For years on April 15, I made a solemn promise to myself: next year will be different. I typically made this promise around 11:45 p.m. while sitting in my car in line at the post office to drop my return into a large bag, held by a postal worker who was no doubt cursing me for making him work late. Police directed traffic, so I kind of felt like a big deal.
I'm happy to say those days are behind me. Now I make the same solemn promise on April 15 at 11:45 p.m. in front of my computer as I eFile. One of the problems with my last-minute approach to tax preparation is that it increases the chances I'll make a careless mistake on my return. I've more than once found a receipt for a charitable deduction I neglected to include on Schedule A. To all those procrastinators out there, here is a list of tax tips to help you make sure you've got your bases covered before your late-night filing:
1. Keep your tax records. As you're getting all the paperwork together for your taxes (and maybe wishing you'd devised a better filing system back in 2012), remember to keep it. If you get audited, for whatever reason, you'll need the receipts and other paperwork you used to file your taxes.
You don't necessarily need to keep everything completely organize; just stick a copy of your completed tax returns in a large envelope with all the W-2s, 1099s, charitable giving receipt, and other paperwork you used to prepare your taxes. That way, if the IRS comes calling, you'll have everything you need to survive the audit.
How long should you keep the paperwork? According to the IRS, if you're not mis-reporting income or filing a fraudulent return (in which case, you're probably not going to listen to the IRS, anyway), you should keep your tax paperwork for at least three years. However, if you claim a loss from securities or bad debt, keep your records for seven years. If you paid employees, keep those records for four years.
2. Contribute to an IRA. One way to save money on your taxes right now is to contribute to a tax-advantaged Individual Retirement Account. If you qualify for a deductible IRA, you can generally make your 2012 contribution on or before April 15. Use this strategy to reduce your taxable income by as much as $5,000--or as much as $6,000 if you're older than 50.
If you decide to reduce your tax bill--or boost your refund--by contributing to an IRA, tell your financial institution you're making a 2012 contribution. Otherwise, they may report to the IRS that you made the contribution for 2013, which won't help you any on your 2012 tax returns.
3. Put money into an HAS. If you're one of the many Americans on a high-deductible health insurance plan, you can also use a Health Savings Account (HSA) to reduce your tax bill. A qualifying high-deductible plan must have a minimum individual deductible of $1,200 and a minimum of $2,400 for family coverage.
With a qualifying health plan, you can add up to $3,100 to an HSA or up to $6,250 to an HSA for a family policy. Remember to tell your HSA provider you're making a contribution for 2012. Again, your contribution will reduce your taxable income, leaving you owing less or getting back more. And, of course, this option leaves you with money in the bank to pay for future health expenses.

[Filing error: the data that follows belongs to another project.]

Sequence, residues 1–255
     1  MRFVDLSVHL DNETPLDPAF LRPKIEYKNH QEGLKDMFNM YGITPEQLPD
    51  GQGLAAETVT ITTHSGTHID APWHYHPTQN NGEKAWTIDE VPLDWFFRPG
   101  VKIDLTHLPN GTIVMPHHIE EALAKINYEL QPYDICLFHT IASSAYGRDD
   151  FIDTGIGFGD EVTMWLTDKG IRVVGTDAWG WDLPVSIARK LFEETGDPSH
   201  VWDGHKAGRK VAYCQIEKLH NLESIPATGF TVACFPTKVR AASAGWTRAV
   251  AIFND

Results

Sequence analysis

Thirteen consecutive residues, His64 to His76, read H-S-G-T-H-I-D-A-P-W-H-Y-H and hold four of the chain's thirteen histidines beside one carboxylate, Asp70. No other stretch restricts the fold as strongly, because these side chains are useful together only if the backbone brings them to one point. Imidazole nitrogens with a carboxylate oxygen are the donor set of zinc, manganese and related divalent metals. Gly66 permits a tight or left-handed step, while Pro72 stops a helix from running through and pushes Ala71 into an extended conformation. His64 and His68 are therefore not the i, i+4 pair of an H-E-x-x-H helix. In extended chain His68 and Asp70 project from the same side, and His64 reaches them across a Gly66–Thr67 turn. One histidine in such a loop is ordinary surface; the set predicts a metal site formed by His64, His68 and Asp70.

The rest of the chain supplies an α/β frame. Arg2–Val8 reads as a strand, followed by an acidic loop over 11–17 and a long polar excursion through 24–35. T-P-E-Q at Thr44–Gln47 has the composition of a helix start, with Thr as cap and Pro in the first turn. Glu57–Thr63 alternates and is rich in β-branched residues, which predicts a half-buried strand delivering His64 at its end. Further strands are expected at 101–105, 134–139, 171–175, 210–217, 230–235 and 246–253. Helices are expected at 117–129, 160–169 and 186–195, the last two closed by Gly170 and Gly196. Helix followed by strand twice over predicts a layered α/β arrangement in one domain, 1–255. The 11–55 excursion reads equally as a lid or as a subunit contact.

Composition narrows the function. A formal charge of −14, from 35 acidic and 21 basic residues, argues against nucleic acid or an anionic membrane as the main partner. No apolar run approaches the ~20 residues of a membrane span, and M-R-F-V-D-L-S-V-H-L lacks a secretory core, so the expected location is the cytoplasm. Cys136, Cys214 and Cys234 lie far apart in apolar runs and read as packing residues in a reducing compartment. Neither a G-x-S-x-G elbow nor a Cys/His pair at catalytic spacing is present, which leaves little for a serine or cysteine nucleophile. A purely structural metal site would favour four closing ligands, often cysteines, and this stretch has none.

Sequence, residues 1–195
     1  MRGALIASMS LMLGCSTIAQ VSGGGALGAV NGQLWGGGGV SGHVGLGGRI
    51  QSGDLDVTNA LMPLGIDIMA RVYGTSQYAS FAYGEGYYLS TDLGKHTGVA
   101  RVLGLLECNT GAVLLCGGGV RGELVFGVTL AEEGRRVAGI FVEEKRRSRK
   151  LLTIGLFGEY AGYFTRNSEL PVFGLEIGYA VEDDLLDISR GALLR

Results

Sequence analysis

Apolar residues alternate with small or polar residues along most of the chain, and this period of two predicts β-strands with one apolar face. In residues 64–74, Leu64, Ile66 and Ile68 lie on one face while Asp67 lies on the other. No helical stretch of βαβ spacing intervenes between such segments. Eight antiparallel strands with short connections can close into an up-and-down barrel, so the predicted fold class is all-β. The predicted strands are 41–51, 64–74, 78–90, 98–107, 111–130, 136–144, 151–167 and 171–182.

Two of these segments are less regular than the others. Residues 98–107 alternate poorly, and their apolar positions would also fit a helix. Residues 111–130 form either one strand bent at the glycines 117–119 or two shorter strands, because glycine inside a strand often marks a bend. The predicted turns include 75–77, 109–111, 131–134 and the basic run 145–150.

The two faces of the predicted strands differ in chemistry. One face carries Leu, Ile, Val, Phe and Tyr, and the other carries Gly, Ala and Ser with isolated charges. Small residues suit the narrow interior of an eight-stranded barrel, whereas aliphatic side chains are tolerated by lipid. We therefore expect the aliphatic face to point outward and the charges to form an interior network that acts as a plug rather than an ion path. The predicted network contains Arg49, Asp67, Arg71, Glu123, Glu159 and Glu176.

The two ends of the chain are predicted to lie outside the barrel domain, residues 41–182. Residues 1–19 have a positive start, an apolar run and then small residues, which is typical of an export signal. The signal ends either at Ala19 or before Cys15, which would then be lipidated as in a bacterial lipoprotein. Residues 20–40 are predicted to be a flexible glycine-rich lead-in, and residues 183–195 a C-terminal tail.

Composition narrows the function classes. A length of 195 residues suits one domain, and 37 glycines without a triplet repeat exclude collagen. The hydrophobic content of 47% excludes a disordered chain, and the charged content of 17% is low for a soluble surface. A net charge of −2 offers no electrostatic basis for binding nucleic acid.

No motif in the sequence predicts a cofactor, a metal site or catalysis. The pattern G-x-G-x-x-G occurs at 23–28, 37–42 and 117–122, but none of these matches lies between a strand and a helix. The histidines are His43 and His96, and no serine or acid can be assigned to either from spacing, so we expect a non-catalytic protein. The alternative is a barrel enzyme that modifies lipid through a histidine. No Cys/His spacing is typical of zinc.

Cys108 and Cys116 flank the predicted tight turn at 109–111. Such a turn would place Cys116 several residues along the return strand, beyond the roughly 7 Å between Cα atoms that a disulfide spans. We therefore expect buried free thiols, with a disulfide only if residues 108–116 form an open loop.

4. File even if you can't pay or need an extension. If you'll owe the IRS money you can't pay right away, file your taxes anyway. The IRS charges penalties for taxes that aren't paid by the April 15th deadline, but the penalties are much steeper if you don't file your taxes at all.
Right now, the penalty for not filing a return is 5 percent of the total amount of tax due for every month you fail to file. If you file but can't pay right away, the penalty is just 0.5 percent of your tax bill for every month you don't pay.
On that note, if you're absolutely unprepared to file your taxes by April 15th, you can file an extension. Keep in mind, however, that an extension does not extend the due date for any taxes you owe. You can pay outstanding taxes with the extension. If you don't pay the taxes by April 15, you'll pay the 0.5 percent per month penalty (rather than the 5 percent per month penalty) until the taxes are paid.
5. Double check itemized deductions and credits. If you're itemizing your deductions, be sure to double check all of the potential deductions you can get. In fact, if you think there's even a chance that you can get more credits or deductions by filing an itemized return, consult a tax professional. Even if you don't itemize, you may be entitled to a bevy of tax credits contained in the tax code. The list of potential credits and deductions includes such options as education credits, childcare credits, adoption credits, saver's credits and charitable contributions.
6. File online. Those who file online get a tax return more quickly. Plus, tax forms filed online tend to be more accurate, and your information may be safer when you submit it through a secure online transmission. You can file online for free with the IRS Free File software--though if your taxes are at all complicated, you may want to use more advanced software or see a tax professional.
Rob Berger is an attorney who represents auditors in SEC and PCAOB regulatory proceedings and is the founder of the popular personal finance blog, the Dough Roller, where he covers topics ranging from investing to painless ways to save money.